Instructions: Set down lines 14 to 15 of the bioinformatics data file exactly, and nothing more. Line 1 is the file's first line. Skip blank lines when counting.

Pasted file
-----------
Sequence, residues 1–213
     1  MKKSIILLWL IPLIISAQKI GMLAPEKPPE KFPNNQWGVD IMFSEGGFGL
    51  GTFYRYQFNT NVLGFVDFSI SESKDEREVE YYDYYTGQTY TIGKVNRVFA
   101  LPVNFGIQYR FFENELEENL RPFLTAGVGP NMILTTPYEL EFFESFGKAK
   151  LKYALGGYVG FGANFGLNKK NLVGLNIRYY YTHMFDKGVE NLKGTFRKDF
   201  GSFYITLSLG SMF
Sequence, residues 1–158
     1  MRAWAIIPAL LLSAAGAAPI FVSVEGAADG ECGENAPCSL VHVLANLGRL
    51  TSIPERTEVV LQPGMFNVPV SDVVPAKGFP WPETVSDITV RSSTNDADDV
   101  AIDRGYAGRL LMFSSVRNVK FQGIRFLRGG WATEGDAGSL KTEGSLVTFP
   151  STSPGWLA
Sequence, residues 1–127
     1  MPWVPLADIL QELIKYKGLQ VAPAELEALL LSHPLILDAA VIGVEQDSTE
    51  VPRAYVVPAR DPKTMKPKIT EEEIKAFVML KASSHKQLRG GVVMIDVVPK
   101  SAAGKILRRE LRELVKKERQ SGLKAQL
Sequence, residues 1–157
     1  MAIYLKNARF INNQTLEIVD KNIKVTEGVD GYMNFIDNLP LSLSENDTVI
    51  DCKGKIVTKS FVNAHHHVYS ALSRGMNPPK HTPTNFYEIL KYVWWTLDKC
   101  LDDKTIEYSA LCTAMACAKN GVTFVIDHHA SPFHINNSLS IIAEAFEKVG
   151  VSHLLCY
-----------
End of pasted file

    51  VPRAYVVPAR DPKTMKPKIT EEEIKAFVML KASSHKQLRG GVVMIDVVPK
   101  SAAGKILRRE LRELVKKERQ SGLKAQL